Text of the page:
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Jograj v. Enterprise Services, LLC

United States District Court, District of Columbia

September 1, 2017

DOTLYN JOGRAJ, Plaintiff,
v.
ENTERPRISE SERVICES, LLC et al., Defendants. ROSALIND PARKER, Plaintiff,
v.
ENTERPRISE SERVICES, LLC et al., Defendants. LORI LEE STULTZ, Plaintiffs,
v.
ENTERPRISE SERVICES, LLC et al., Defendants. DOUGLAS LEVITAS, Plaintiffs,
v.
ENTERPRISE SERVICES, LLC et al., Defendants. JEROME BOYD, Plaintiff,
v.
THE EXPERTS, INC. et al., Defendants. SHERRIE T. LAWSON, Plaintiff,
v.
THE EXPERTS, INC. et al., Defendants.

          OPINION

          ROSEMARY M. COLLYER UNITED STATES DISTRICT JUDGE

         On September 16, 2013, Aaron Alexis, a civilian contractor working as a computer technician at Washington, D.C.'s Navy Yard, used a valid temporary access card to enter Building 197 of the facility and then opened fire on its occupants, killing and wounding several people. In the wake of that tragedy, several related lawsuits have been filed against Defendants The Experts, Inc., the subcontractor that employed Mr. Alexis; Enterprise Services, LLC, [1] the contractor that retained The Experts; and the Hana Group, Inc. and HBC Management Services, Inc. (collectively HBC), which provided security services to Building 197.[2] The Court has previously ruled on motions to dismiss in several of these cases in an Opinion issued September 15, 2016 (the Prior Opinion, or Prior Op.). See, e.g., Mem. and Op., Dkt. 132, Delorenzo v. Enterprise Servs., LLC, 15-cv-216.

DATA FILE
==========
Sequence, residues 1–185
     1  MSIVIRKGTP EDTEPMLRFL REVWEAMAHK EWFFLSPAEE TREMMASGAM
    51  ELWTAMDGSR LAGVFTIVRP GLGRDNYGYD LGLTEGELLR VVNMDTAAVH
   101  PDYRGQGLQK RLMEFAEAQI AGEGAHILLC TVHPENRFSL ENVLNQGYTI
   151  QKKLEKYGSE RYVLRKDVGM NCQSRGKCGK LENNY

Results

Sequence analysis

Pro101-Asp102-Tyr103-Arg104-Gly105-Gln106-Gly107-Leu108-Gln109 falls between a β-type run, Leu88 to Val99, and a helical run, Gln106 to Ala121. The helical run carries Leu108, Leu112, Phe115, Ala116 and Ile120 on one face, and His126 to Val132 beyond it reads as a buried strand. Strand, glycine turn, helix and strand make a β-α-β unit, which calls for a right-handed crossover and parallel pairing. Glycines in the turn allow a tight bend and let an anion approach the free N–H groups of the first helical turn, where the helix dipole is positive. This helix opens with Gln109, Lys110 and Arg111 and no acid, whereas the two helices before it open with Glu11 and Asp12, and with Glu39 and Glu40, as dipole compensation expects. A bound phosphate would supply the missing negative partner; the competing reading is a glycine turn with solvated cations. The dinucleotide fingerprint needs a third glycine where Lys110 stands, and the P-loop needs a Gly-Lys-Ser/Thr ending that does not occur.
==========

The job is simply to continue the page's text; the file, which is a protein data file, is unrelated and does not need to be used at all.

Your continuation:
The six above-captioned cases are follow-on litigation[3] not before the Court at the time it issued its initial rulings. Four of these cases (Jograj; Parker; Stultz; and Levitas) were filed in this Court directly. The remaining two (Boyd and Lawson) were originally filed in filed in Superior Court for the District of Columbia and then removed here. Defendants have moved to dismiss these new complaints.[4] Plaintiffs have opposed those motions, [5] and Defendants have replied.[6] The motions are now ripe for the Court's review. The Court will dismiss all counts against all Defendants save those alleging negligent retention and supervision of Mr. Alexis by both The Experts and Enterprise Services. No claims survive against HBC, which will be dismissed as a Defendant.

         I. BACKGROUND

         Six Plaintiffs are workers at the Navy Yard who witnessed the shootings and allege both physical and psychological injuries as a result of Mr. Alexis's rampage. They are as follows:

(1) Dotlyn Jograj, Jograj v. Enterprise Servs., LLC, 16-cv-1846;
(2) Rosalind Parker, Parker v. Enterprise Servs., LLC, 16-cv-1847;
(3) Lori Lee Stultz, Stultz v. Enterprise Servs., LLC, 16-cv-1848;